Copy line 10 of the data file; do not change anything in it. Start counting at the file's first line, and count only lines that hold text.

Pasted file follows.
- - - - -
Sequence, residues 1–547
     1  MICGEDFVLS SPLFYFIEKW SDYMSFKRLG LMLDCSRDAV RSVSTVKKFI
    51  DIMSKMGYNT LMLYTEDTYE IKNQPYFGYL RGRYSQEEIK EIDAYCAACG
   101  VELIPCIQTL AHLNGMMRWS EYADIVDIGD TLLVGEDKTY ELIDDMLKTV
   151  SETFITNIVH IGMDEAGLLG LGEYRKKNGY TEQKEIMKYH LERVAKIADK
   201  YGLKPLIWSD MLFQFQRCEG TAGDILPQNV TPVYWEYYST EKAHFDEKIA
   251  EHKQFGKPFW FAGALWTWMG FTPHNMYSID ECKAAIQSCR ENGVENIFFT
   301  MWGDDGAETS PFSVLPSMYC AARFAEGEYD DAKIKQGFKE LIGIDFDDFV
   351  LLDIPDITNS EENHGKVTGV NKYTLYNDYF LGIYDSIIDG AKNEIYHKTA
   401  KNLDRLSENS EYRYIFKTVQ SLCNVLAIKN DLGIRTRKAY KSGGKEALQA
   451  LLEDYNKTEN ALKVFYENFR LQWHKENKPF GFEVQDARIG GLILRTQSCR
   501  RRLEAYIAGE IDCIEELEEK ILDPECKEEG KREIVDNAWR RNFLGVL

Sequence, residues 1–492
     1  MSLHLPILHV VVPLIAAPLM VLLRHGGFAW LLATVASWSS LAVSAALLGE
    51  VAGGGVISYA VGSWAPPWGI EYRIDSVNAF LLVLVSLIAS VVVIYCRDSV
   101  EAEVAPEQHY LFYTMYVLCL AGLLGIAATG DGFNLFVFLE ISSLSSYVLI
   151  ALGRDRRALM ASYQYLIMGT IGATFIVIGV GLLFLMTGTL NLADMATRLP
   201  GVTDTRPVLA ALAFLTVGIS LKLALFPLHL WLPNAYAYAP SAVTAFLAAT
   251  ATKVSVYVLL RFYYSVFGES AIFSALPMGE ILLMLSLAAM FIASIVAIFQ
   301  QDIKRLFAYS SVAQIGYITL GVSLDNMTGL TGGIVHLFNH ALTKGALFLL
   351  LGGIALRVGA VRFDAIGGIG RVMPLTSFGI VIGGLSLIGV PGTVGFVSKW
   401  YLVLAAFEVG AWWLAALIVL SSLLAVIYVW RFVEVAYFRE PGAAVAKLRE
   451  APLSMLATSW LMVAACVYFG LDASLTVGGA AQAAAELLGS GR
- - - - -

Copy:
   401  KNLDRLSENS EYRYIFKTVQ SLCNVLAIKN DLGIRTRKAY KSGGKEALQA